“They ought to make the feller sell his horses if he ain’t feeding them,” I said to Jill.
Jill is the nurse that administers my chemo every six weeks. She does nursing for a living and farms as a sideline, or maybe it’s the other way around. Once the usual medical questions are out of the way and the blood pressure and temperatures are taken, we almost always settle into a discussion about hay. She’ll ask me how many bales I got off Wayne’s field this year and whether I plan to overseed this winter, and I’ll ask how her second cut was and if she’s still got any to sell.
Today had been busy; the room where they stack all the patients was full, and Jill was kept running the whole time, so we didn’t get to talk about hay or dogs or equipment. This day our conversation didn’t start until just before my bag ran out and Jill was fixing to pull the IV.
She mentioned that a fellow down the road from her in Bethel had several horses and that they were looking pretty scrawny. They’d gotten bad enough for her to call animal control, and her neighbor was pretty mad about that.
“Says he loves his horses but with the drought, his pasture didn’t do well, and he claims he just can’t afford to buy any hay.” She said this with some disgust in her voice because, like me, she knows that keeping stock is a responsibility that doesn’t lend itself to excuses. I figured too that Jill had probably given the man some of her hay, probably even more than she could spare, and so her disgust was well-earned.
I guess the conversations Jill and I have about hay ought to seem out of place in a room full of rheumatoid-arthritis patients. Most of them are older women, although there are a few older men. The really sad ones are the teenagers and people in their early 20s whose bodies have been ravaged too early. Pretty much everybody in the room talks about what they can’t do anymore and how the medicine gets them back to feeling bad. I remember once, when Granny was sick, I asked how she was feeling and she answered, “Son, if I could just get a little better, I’d be about sick enough to die.”
I think a lot of the folks in that room feel pretty much that way.
We think of arthritis as a disease of stiffness and age, and so it is. But rheumatoid arthritis and its hundred or so relatives and variations, like the psoriatic arthritis I have, are more than just stiffness. These are diseases of the immune system—essentially, our bodies are finding ways to make themselves miserable. In my case, my body’s immune system doesn’t like my own soft tissues, and so it goes about attacking cartilage and tendons and ligaments and intestines and the lining of my eyes and who knows what else. The disease isn’t life-threatening, but sometimes you wish it were, just so it would be over.
I don’t really know why my body doesn’t like itself, and the truth is, I don’t really care, other than it means that I’m slowly becoming ineffectual. I’ve spent my life going out in the woods and tramping around for days at a time. I’ve cut and hauled timber. I built my house on the mountain by myself, and my response to this sickness has been to try to work even harder. The doctor tells me that my biggest challenge is realizing that I’m not the man I was, and that I can’t do the things I used to. I have to learn, she tells me, to ration energy. I should learn to engage in low-impact exercise.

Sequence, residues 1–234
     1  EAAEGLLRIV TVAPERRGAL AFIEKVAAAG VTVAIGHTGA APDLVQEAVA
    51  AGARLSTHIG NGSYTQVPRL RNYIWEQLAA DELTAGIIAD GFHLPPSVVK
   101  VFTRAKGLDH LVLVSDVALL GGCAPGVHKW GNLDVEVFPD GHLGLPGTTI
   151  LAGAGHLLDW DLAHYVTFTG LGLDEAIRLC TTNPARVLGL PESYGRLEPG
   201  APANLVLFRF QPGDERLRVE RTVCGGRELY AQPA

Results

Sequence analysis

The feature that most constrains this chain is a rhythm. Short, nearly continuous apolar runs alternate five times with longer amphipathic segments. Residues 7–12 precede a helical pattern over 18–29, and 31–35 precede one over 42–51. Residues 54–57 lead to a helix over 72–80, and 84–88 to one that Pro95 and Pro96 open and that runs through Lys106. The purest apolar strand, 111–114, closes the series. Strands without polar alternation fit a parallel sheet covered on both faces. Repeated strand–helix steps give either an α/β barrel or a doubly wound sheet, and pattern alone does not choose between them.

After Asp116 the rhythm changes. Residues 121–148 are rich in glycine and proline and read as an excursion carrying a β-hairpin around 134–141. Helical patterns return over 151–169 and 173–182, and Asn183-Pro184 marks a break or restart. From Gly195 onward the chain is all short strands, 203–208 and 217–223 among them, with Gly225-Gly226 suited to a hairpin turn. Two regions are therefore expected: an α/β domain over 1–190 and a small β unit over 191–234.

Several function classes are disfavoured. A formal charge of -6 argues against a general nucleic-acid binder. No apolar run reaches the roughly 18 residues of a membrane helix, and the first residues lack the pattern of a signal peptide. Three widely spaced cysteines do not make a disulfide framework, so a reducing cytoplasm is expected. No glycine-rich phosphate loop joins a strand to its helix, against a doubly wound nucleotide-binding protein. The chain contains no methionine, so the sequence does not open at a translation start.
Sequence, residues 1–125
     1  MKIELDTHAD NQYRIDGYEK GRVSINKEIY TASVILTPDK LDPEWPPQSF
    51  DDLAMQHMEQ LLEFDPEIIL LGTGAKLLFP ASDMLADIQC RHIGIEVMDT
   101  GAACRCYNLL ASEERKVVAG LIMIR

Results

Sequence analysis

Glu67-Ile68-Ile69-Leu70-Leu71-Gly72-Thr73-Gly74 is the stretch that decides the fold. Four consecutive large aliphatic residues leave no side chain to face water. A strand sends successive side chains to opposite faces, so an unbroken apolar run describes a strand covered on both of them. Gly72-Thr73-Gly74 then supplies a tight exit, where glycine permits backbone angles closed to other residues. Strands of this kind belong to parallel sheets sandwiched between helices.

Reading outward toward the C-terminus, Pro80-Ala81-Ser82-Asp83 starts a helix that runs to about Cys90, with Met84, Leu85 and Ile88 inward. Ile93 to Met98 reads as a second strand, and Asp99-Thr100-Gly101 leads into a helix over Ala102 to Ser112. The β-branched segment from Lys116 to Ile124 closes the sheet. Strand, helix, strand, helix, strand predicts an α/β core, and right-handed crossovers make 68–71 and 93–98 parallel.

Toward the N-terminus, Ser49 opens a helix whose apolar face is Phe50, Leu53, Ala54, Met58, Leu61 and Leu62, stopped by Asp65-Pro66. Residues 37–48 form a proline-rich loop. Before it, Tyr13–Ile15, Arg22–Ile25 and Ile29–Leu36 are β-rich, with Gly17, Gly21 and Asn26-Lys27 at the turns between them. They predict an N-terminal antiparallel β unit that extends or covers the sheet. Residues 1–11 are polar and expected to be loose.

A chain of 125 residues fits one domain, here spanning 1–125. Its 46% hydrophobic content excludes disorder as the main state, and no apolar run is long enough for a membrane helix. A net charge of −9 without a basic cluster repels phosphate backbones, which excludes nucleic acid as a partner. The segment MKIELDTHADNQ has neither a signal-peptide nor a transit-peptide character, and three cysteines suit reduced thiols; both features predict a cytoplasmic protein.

For the life of me, I can’t figure out what that is. I’ve never done anything remotely called exercise in my life. I have nothing but respect for those who can discipline themselves to go to a gym and strap themselves into a machine and pull and tug and lift. I look in awe at those who can run or jog or swim merely for the sake of the activity. I know it’s supposed to make sense, taking care of oneself, but for the life of me, I cannot conceive of the why of it.
It doesn’t seem fair: Our bodies break long before our time. I guess it says something about the individual, how they respond to the challenge. Daddy had polio when he was 15; they stuck him in a March of Dimes hospital and left him there to wither. The story goes that he fought the doctors and nurses when they moved to put him in the iron lung. That meant the disease had won, and Daddy didn’t mean to lose. The staff didn’t have the time or the energy to fight one more broken body, so they left him. The disease stopped before it took his lungs; maybe it was satisfied with his legs and most of his arms.
They said he wouldn’t be much, so they didn’t do much for him. The story goes that he made his own crutches and taught himself how to walk again. He didn’t do the telling; the fact is, I don’t ever remember him acknowledging he was sick or handicapped. His atrophied legs, braces and crutches seemed normal to me when I was growing up. That’s how daddies were.
Some folks make a profession out of being sick, out of being less than they can be. Some folks spend a lifetime meaning to lose. Others soldier on nobly, making concessions where they must but making it through the day and life as best they can. Some folks fight, and some folks quit. Some get angry, some get mean. Some gain patience, and some lose it.
I haven’t figured out which one of those folks I’ll be—some days I see traces of all of them in myself. At the moment, the idea of untended livestock seems more troubling to me than what a disease says my body can’t do. I think that may be a good sign.
[Mark Jamison lives in Webster, N.C.]